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How Often Should the Water Be Changed When Handwashing Dishes?

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Your dishes are neatly stacked. The water is the perfect combination of sudsy and hot. You dive in and begin washing the mountain of plates, cups, and utensils. Midway (or sooner) through your stacks, you notice that the once warm and clean dishwater is now greasy and cold.

Okay, so option number one, and the one that looks easiest, is to try to make the water keep going through your last loads. After all, who wants to empty the sink, wipe it down, and refill it with water. Failing to empty cold and dirty water has several undesirable consequences you need to be aware of.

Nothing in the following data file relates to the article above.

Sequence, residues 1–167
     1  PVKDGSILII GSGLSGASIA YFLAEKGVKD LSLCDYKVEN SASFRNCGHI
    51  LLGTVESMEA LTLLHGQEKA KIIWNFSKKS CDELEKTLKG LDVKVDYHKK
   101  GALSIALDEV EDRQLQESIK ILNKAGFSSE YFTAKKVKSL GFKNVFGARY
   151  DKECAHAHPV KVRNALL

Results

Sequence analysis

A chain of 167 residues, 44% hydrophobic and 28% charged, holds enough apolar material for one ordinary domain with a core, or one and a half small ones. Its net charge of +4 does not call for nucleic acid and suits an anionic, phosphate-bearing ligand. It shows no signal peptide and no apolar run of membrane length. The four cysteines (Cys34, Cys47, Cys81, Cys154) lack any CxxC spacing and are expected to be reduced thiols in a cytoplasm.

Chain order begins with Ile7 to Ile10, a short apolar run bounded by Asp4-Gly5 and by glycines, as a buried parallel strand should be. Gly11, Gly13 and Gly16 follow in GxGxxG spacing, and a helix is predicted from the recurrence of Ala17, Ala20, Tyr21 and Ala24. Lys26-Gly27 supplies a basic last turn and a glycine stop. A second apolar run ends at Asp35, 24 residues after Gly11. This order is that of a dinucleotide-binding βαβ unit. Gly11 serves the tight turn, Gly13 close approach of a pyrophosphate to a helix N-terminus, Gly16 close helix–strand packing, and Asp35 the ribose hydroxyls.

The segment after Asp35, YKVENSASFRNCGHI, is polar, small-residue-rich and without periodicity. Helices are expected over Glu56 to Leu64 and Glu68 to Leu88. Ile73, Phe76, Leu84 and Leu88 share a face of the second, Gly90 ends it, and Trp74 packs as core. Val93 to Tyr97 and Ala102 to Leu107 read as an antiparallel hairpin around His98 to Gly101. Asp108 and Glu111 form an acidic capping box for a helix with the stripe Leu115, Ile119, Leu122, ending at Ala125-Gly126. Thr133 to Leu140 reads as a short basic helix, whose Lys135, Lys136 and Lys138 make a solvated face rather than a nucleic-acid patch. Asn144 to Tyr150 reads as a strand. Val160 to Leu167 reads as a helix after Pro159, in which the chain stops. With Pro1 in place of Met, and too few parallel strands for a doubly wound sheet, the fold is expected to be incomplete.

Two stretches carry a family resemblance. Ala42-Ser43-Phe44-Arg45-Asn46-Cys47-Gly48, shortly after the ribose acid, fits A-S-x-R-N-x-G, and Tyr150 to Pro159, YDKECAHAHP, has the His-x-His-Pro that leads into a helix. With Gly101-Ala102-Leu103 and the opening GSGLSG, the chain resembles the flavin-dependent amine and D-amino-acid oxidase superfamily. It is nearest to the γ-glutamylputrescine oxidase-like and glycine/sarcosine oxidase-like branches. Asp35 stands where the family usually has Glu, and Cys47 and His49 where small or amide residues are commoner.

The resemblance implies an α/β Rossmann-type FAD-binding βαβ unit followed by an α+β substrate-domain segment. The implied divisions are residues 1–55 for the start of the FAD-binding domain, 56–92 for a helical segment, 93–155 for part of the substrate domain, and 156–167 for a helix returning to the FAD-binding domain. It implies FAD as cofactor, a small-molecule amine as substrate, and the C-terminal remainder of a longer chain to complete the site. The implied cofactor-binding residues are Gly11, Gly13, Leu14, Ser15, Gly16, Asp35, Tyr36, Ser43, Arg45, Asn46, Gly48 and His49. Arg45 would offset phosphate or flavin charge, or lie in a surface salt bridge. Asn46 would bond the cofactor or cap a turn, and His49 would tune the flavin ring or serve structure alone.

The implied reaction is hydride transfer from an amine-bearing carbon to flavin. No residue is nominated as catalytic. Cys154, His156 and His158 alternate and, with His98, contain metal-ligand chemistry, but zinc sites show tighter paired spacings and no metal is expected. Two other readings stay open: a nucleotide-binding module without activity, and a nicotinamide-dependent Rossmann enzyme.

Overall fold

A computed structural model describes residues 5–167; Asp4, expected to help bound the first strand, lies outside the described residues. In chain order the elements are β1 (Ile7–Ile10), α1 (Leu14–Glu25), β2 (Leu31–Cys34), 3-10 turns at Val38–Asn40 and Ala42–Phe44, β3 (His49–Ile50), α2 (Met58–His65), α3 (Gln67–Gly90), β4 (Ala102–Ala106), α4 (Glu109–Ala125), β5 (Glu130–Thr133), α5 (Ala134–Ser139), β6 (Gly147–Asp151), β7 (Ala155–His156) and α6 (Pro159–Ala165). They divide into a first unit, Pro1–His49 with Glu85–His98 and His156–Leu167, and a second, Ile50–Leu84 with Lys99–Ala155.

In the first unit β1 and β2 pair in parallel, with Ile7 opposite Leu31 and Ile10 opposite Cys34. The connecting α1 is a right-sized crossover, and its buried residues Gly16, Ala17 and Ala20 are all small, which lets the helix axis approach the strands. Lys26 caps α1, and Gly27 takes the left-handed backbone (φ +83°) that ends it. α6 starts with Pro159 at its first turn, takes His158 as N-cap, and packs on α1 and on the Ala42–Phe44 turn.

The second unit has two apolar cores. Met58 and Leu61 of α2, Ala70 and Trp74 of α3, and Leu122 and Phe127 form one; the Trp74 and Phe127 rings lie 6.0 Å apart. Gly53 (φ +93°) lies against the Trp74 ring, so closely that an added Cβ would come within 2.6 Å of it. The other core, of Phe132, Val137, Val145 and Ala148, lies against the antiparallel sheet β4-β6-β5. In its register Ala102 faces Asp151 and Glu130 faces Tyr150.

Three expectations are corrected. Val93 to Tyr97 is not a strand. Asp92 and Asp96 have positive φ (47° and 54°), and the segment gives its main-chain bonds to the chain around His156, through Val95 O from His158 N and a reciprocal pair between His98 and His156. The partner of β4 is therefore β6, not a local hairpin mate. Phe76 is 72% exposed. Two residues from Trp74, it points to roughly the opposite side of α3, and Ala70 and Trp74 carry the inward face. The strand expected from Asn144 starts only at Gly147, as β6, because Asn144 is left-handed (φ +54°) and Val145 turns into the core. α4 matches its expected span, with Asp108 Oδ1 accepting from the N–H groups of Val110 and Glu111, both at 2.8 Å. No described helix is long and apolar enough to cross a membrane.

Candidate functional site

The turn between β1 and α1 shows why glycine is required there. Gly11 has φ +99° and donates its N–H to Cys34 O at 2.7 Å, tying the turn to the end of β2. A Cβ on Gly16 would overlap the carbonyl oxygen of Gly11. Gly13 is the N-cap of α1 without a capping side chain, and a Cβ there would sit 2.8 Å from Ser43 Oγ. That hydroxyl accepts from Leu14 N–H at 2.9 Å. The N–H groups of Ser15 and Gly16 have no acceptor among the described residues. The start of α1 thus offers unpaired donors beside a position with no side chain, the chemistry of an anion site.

1. Grease and food left in the water leaves residual dirt and germs on your dishes.

2. Cold water is inefficient for removing stuck on food and grease from your dishes.

3. Leaving the wash water tepid and dirty doesn't actually save you from filling a new sink of water. You will more than make up for that water loss by trying to rinse off grease and germs during your rinsing.

Taking the few moments to refill your sink when the water becomes cloudy and cool may seem like an inconvenience, but it truly can save you time and more importantly preserve your family's health.

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